Policy Indications: Madhya Pradesh Launches Startup Programme 2022  |  Cover Story: Elimination Round or Aptitude Test- How to Align CUET with NEP 2020 Goals  |  Art & Literature: Song of the Rain- Monsoon in Literature, Journalism and Films  |  Life Inspirations: Master of a Dog House  |  Education Information: Climate Predictions: Is it all a Piffle!  |  Best Practices: Project Manzil Inspires Young Girls to Seek Aspiring Careers  |  Leadership Instincts: Raj Mashruwala Establishes CfHE Vagbhata Chair in Medical Devices at IITH   |  Parent Interventions: 10 Tricks to Help You Prepare for This Year's IB Chemistry Test  |  National Edu News: TiHAN supports a Chair for Prof Srikanth Saripalli at IIT Hyderabad  |  Teacher Insights: How To Build Competitive Mindset in Children Without Stressing Them  |  Parent Interventions: What Books Children Must Read this Summer Vacation   |  Policy Indications: CUET Mandatory for Central Universities  |  Teacher Insights: Classroom Dialogue for a Better World  |  Rajagiri Round Table: Is Time Ripe for Entrepreneurial Universities in India?  |  Life Inspirations: How to Overcome Fear of Public Speaking  |  
December 15, 2019 Sunday 10:31:18 PM IST

New Generation Japanese Film Makers Have to Trod the Middle Path: Joe Odagiri

Joe Odagiri with the Suwarna Chakoram Award at IFFK 2019 with Bina Paul

They Say Nothing Stays the Same, a Japanese film directed by Joe Odagiri won the Golden Crow Pheasant (Suwarna Chakoram) award  at the International Film Festival of Kerala (IFFK 2019) held from December 6 to 13. In an interview to Rajeev Joseph Palakkacherry, he says that discontent among Japanese people is increasing day by day and reflected in rising suicide rates. Excerpts -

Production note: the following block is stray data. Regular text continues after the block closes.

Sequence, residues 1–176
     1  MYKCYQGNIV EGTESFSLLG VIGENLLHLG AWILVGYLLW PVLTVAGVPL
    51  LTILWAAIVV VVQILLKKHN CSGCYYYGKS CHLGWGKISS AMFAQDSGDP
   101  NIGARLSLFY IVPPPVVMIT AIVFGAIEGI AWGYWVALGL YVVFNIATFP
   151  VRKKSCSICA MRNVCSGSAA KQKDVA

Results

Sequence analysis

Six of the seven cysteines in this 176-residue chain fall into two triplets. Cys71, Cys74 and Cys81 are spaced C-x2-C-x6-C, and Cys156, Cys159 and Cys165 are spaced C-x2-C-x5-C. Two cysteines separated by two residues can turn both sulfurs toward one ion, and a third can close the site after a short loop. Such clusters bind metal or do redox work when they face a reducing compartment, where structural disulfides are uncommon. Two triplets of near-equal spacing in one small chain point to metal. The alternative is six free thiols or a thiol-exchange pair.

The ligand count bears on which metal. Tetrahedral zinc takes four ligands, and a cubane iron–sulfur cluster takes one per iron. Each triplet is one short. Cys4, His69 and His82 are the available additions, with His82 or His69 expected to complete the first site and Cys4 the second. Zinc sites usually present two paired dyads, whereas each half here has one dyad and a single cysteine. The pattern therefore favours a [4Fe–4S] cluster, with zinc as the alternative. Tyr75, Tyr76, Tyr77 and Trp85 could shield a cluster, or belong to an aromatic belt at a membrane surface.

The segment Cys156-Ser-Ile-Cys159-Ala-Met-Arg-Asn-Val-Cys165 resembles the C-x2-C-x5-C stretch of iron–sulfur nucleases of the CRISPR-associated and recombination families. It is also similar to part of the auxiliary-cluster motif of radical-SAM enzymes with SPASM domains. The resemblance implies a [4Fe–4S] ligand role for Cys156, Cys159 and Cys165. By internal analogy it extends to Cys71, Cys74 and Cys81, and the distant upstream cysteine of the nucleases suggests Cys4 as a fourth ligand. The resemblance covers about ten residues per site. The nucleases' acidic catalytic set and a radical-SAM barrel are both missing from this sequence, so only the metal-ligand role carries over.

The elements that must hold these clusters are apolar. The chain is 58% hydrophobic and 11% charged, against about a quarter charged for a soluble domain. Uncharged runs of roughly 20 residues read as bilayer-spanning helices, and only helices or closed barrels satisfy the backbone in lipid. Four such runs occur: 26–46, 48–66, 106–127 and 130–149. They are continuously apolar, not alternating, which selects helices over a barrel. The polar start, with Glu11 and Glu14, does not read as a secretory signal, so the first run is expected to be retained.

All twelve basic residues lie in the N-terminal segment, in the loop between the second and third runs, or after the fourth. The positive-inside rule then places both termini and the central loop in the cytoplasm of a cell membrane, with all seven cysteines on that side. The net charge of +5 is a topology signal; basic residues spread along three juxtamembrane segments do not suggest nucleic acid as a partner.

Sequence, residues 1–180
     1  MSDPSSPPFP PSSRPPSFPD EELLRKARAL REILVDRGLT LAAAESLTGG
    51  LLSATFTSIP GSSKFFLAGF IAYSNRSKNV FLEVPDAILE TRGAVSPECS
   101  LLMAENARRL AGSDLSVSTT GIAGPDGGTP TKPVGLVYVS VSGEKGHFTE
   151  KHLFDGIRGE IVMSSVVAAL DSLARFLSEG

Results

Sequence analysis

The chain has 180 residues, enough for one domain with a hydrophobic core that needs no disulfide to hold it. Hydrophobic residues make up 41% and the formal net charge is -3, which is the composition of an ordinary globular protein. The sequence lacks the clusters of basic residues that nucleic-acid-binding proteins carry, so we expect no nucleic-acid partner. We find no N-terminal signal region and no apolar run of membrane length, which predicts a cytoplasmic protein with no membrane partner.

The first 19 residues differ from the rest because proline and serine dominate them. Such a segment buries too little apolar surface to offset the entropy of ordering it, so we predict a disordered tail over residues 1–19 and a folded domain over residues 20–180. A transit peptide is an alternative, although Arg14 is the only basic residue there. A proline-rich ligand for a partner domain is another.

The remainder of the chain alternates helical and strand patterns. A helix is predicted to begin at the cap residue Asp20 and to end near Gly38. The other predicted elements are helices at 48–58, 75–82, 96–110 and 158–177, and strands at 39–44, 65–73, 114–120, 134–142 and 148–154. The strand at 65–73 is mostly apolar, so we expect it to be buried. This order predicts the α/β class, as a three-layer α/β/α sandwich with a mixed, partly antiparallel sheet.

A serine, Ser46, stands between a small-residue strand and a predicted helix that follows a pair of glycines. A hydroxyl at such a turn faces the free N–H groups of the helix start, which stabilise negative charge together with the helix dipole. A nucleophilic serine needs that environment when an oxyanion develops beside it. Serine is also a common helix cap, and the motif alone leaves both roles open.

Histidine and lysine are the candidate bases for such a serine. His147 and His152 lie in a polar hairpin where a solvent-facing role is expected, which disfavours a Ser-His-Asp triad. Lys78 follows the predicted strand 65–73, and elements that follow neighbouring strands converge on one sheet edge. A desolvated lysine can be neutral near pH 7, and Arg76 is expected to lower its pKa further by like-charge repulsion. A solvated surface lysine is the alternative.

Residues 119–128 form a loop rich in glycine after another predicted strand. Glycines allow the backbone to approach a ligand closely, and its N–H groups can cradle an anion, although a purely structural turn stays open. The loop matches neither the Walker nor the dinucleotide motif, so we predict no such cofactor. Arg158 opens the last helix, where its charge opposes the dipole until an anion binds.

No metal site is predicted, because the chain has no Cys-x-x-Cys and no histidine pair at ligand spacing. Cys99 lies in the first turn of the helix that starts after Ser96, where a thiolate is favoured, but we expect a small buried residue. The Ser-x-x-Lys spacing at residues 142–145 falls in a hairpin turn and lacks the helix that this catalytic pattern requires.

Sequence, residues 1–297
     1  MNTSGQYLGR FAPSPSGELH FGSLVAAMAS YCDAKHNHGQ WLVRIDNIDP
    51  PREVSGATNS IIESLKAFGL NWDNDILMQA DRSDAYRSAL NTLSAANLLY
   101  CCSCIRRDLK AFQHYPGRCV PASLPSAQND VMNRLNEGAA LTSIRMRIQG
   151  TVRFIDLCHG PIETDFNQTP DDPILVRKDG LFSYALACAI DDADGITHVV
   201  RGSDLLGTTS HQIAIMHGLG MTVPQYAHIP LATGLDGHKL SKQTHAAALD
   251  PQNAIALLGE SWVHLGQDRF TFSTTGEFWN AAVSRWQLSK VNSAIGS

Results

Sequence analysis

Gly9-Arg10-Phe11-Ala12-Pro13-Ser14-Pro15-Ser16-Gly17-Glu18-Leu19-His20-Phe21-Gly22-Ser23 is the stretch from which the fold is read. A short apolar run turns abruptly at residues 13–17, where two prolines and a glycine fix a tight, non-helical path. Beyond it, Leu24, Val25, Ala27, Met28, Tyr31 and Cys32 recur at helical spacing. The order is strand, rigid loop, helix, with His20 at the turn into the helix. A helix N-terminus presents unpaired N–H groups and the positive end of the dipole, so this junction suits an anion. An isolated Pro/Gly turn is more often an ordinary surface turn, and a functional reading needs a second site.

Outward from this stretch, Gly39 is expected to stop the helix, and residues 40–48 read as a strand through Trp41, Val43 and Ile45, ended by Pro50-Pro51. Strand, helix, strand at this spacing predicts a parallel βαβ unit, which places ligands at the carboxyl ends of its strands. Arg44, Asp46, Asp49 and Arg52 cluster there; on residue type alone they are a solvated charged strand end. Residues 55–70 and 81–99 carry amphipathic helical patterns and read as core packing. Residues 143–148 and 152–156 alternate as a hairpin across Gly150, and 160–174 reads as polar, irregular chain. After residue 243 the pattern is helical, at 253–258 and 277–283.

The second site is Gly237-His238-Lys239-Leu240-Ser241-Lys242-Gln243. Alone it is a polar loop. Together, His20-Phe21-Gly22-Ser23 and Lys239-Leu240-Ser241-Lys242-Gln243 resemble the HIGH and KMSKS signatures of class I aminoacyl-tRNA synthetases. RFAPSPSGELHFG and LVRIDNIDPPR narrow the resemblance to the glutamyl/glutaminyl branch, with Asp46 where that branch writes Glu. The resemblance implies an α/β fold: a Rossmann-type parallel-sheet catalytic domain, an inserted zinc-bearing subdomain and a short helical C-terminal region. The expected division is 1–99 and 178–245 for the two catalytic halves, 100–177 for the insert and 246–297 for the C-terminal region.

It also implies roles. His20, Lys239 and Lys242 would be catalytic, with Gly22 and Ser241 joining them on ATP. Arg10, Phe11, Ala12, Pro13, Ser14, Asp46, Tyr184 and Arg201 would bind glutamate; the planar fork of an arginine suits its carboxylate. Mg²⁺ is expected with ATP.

What do you have to say about the new generation film directors of Japan?
In Japan there are two types of film makers. One group that makes films on a small budget and the other is big budget film makers. There is no other category in between them, it is a fact.  Therefore, the new generation film makers have to be in the middle of these two groups.

What is the politics behind your first film They Say Nothing Stays the Same?
I had an opportunity to visit Cuba. I could understand the working of Communist party. I tried to understand the problems of people who were being crushed under financial crisis. But they are all happy. But in Japan the situation is different. In all ways, Japan is a much better place. But suicide rate is increasing day by day. People are not satisfied. Material satisfaction cannot give everything. This is what Japan teaches me. This is the politics that I conveyed in my film.

Is independent cinema getting importance in Japanese Film festivals?
Tokyo Film Festival is an important event in Japan. But importance is given to commercial cinema and only a few art films are encouraged which is quite discouraging for film makers like me.

What were you trying to tell through They Say Nothing Stays the Same?
The old generation in India and Japan are on the way out. The traditions handed over by them are not understood or followed by the new generation. We cannot compel anyone to do that. In the same way, we can view development. We quickly forget old practices and traditions. When development comes, people also start changing their attitudes.

What do you have to say about Japanese film goers?
We cannot see Japanese film goers in isolation, the changes generally seen across the world are seen in Japan too. People are watching more TV and seeing more commercial films. There are lot of artistes who make huge money in Japan. Therefore, those who think of making money find commercial films as a route to prosperity.

What do you have to say about the cinematography of your film?
Christopher Doyle handled the lens and we could establish a spiritual relationship. What I imagined was visualised exactly by him. I could intervene and give suggestions in some areas. The village and ferry man were captured the way I visualised in my mind by Christopher.

About the film
They Say Nothing Stays the Same (Arsu sendo no hanashi) is the directorial debut of Joe Odagiri, leading actor and muscician. It tells the story of changes taking place in a rural village in Japan through the eyes of an old ferryman Toichi played by veteran actor Akira Emoto. A bridge being constructed across the river may make him redundant. Somebody thinks of destroying the bridge and strange things begin to happen. An ordinary girl appears, an entire family is killed. Change is inevitable even if they may not be for the good of all.